Viewing Vesta: Use Binoculars to Spot an Asteroid
The brightest asteroid Vesta reaches opposition this week right next to the beautiful double star Algieba.
Credit: Starry Night® Software

Have you ever seen an asteroid? If not, this week is an excellent time to do so: Vesta, the brightest asteroid, will be well placed for observation with binoculars in the constellation Leo.

Vesta was discovered in 1807 by Heinrich Wilhelm Olbers. An active German astronomer, he also discovered the asteroid Pallas and a comet named after him, but is most famous today for stating Olbers? paradox: the darkness of the night sky conflicts with the supposition of an infinite and eternal static universe.

Vesta is the second largest asteroid, after Ceres, and by far the brightest, having a greater albedo (percentage of light reflected) than any other asteroid. This seems to be partly the result of a collision with another asteroid about a billion years ago. Its mean diameter is 329 miles (529 km), but it is rather irregular in shape because of its violent history.

Vesta is at a point in its orbit called "opposition," which is its closest approach to Earth, NASA officials said in a statement. At high noon on Wednesday, when the sun is over your head, Vesta will be about 131,700,000 miles (211,980,000 km) below your feet, they added.

Unlike some other asteroids, Vesta also has a brighter-than-typical surface (the albedo) which makes the space rock reflect more sunlight and stand out more to observers, NASA officials said.

This week Vesta will be traveling rapidly through Leo. It will be around magnitude 6.2, bright enough to be easily visible in binoculars. However, because of its small diameter and distance, it will appear as a star-like point of light except in the very largest telescopes.

What gives Vesta away is its obvious movement from night to night against the starry background.

You can find Vesta tonight very close to the popular 2nd magnitude double star Algieba (Gamma Leonis). Leo looks like a right angle triangle on the left and a sickle or reversed question mark on the right, as seen from the northern hemisphere. Algieba is the second star up from the dot under the question mark, the bright star Regulus.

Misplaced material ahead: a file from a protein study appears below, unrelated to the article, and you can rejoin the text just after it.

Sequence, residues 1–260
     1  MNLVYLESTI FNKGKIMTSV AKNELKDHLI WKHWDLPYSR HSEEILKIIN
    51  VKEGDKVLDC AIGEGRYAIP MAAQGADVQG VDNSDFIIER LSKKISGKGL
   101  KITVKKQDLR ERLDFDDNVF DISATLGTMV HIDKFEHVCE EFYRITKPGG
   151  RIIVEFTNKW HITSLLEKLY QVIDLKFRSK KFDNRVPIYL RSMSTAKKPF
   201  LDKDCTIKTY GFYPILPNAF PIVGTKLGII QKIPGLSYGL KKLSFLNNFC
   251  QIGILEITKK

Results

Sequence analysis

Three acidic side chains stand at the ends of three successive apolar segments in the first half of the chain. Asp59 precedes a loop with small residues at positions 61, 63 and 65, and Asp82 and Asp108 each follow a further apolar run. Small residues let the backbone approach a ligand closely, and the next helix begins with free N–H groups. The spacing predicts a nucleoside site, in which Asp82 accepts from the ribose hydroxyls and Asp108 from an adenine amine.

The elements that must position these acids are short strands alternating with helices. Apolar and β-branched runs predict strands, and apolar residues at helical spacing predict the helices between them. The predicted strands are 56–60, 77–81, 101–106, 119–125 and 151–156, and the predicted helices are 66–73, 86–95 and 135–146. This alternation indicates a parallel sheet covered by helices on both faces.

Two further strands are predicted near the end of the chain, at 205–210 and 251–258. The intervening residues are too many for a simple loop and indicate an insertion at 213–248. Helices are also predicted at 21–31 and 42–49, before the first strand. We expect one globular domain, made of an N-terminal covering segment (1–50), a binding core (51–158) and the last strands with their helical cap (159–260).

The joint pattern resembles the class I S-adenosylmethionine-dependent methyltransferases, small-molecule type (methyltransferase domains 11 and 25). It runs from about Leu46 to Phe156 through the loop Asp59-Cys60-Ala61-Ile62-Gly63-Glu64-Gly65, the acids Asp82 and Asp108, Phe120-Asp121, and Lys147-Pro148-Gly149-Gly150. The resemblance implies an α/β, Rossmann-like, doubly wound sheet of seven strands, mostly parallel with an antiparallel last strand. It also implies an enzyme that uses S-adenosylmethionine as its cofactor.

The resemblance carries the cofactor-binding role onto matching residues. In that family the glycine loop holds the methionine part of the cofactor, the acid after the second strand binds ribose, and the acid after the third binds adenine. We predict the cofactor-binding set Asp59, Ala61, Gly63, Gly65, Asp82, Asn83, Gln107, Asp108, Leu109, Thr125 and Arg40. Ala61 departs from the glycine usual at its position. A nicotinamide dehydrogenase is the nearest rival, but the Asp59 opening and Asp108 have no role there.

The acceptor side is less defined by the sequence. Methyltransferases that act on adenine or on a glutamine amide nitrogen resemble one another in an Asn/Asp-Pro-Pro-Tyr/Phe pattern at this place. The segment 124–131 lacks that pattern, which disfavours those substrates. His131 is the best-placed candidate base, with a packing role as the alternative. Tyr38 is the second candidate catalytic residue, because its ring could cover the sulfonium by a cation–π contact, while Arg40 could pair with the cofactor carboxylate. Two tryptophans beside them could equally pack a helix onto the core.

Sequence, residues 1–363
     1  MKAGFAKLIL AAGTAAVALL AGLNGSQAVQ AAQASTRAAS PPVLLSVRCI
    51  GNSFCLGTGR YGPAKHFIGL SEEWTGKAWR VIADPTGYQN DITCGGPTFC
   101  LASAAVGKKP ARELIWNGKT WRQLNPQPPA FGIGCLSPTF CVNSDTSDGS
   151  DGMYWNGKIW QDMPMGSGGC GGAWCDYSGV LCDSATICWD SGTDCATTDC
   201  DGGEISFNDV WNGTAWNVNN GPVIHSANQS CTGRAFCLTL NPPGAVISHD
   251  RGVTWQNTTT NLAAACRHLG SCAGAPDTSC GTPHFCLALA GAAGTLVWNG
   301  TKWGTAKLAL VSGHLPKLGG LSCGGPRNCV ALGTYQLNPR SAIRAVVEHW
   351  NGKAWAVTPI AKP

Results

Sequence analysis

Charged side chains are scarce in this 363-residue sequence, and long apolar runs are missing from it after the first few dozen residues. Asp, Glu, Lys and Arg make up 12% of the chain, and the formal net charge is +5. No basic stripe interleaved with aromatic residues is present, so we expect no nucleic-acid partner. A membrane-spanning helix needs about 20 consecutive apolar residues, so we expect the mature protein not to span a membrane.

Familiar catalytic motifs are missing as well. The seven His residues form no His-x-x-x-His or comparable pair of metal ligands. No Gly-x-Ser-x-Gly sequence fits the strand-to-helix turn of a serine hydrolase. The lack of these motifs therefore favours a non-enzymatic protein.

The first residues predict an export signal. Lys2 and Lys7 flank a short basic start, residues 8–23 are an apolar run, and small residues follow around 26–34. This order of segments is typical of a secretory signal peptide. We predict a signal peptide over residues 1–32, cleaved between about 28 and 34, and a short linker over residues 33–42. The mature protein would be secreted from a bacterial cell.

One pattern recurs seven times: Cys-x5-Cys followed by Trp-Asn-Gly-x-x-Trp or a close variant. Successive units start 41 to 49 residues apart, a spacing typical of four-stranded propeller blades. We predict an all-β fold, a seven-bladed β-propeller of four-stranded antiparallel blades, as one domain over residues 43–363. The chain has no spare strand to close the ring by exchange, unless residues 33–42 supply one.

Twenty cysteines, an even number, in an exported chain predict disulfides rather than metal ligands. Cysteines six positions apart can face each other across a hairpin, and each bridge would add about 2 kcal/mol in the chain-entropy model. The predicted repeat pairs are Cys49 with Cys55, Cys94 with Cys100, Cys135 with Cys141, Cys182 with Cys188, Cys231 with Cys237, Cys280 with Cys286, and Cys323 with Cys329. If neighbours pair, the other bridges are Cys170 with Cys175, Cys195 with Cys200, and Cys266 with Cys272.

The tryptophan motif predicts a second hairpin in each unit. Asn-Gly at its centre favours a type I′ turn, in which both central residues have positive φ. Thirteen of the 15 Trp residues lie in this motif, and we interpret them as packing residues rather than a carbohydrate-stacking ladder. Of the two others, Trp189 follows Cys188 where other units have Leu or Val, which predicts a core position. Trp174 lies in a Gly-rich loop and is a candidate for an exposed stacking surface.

Vesta will be visible in binoculars just to the right of Algieba tonight, forming a tiny equilateral triangle with Algieba (magnitude 2.0) and 40 Leonis (magnitude 4.8). Over the next few nights it will travel to the right, stretching this triangle out. The chart shows Vesta?s position each night at 10 p.m. EST over the next week.

Make a simple sketch of these three ?stars? over the next few nights, and Vesta?s movement will be obvious.

You will be able to follow Vesta?s motion over the next few months by plotting its position in Starry Night.

If you look at Vesta with a small telescope, be sure to check out Algieba, one of the prettiest double stars in the sky.

Vesta is one of two asteroid targets for NASA's Dawn spacecraft. The ion drive-powered probe is headed toward the asteroid belt to swing by Vesta in 2011 and Ceres, which is big enough to qualify as a dwarf planet.

This article was provided to SPACE.com by Starry Night Education, the leader in space science curriculum solutions.